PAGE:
My favorite movie that awakened my love for the horror genre is "Coraline". Though I was only 8 years old when I first watched it, I remember not being phased by how creepy it was, but rather, inspired. I felt like this film was made just for me because it stimulated my thoughts while dancing perfectly along the thin line of children's horror and fantasy.
The uniqueness of this movie is that Henry Selick does not rely on jump scares or gore to unnerve the audience, but rather the buildup of suspense and tension by comparing reality against a fantasy world. The director is creative and progressive in the imagery and camera angles. For example, there are so many extreme close-up shots of the other mother's face to emphasize how manipulative and evil she is. The high-angle shots of Coraline throughout the movie suggest her vulnerability and weakness of being in such a terrible situation.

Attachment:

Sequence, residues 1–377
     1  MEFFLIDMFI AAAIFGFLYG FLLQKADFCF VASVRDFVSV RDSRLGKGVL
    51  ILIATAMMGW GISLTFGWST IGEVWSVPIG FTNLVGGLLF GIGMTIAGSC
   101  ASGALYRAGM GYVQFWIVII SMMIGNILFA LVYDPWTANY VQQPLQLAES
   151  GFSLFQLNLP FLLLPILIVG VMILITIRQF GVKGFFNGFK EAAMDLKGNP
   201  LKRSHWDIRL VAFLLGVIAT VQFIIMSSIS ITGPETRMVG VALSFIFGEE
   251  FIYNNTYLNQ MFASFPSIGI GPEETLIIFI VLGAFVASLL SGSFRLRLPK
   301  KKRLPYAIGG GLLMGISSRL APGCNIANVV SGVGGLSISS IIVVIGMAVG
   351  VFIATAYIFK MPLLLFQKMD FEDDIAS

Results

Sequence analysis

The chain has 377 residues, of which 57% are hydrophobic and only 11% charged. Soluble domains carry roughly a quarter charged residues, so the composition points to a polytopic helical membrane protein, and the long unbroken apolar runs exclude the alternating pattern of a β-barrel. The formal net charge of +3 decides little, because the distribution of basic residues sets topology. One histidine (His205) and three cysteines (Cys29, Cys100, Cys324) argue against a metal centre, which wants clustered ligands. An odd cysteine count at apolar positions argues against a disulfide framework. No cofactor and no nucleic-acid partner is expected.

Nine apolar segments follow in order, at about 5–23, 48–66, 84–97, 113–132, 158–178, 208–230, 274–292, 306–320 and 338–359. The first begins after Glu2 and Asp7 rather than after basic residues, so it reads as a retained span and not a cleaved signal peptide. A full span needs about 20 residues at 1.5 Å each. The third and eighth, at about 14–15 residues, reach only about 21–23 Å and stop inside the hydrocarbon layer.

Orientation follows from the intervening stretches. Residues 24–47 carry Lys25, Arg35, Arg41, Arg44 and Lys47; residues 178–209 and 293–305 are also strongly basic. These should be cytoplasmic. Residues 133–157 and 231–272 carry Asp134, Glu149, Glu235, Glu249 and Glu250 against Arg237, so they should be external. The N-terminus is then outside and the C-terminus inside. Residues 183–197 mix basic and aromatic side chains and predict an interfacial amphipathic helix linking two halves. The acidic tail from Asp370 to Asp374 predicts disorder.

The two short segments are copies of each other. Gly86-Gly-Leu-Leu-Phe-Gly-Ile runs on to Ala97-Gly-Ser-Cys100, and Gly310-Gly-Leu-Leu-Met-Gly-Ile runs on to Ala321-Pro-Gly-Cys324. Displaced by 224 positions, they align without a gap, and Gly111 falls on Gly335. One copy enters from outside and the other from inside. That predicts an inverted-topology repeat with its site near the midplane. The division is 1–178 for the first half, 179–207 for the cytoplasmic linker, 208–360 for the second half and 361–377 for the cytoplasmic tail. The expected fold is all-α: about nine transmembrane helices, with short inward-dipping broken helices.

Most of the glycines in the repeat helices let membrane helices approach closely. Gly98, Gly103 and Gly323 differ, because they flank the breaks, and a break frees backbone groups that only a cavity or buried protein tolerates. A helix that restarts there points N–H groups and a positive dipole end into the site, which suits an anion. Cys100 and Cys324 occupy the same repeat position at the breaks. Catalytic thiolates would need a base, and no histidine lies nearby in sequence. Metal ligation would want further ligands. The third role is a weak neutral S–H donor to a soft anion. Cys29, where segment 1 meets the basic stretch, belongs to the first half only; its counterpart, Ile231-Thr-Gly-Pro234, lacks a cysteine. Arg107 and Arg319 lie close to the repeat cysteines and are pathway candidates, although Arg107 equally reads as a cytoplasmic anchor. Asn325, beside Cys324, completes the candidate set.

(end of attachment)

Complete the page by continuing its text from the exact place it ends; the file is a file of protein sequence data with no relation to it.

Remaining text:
The framing of the movie contributes to how emotionally unsettling it is. Because it is a stop motion animated film, physical objects gain lifelike movements, combining the elements of unnatural jerky movements and lack of realism.
Absolutely everything you see on the screen, somebody's made
The concept that scared me when watching Coraline is the symbolism of the button eyes. When Coraline goes to the other world, she is unable to gauge anyone's human emotions or moral intentions. However, I always find myself tearing up at the end because this move taught me to be grateful for everything I have, no matter how imperfect it is.
The other Mother
"Coraline" is the perfect mix of mild horror, gorgeous visuals, and great storytelling. The idea of living in an ideal reality is thrilling, however, it is not possible. "Coraline" is an absolute masterpiece that represents freedom, mobility, and power while also teaching us that being brave doesn't mean you're not scared; it means you're scared and you do the right thing anyway.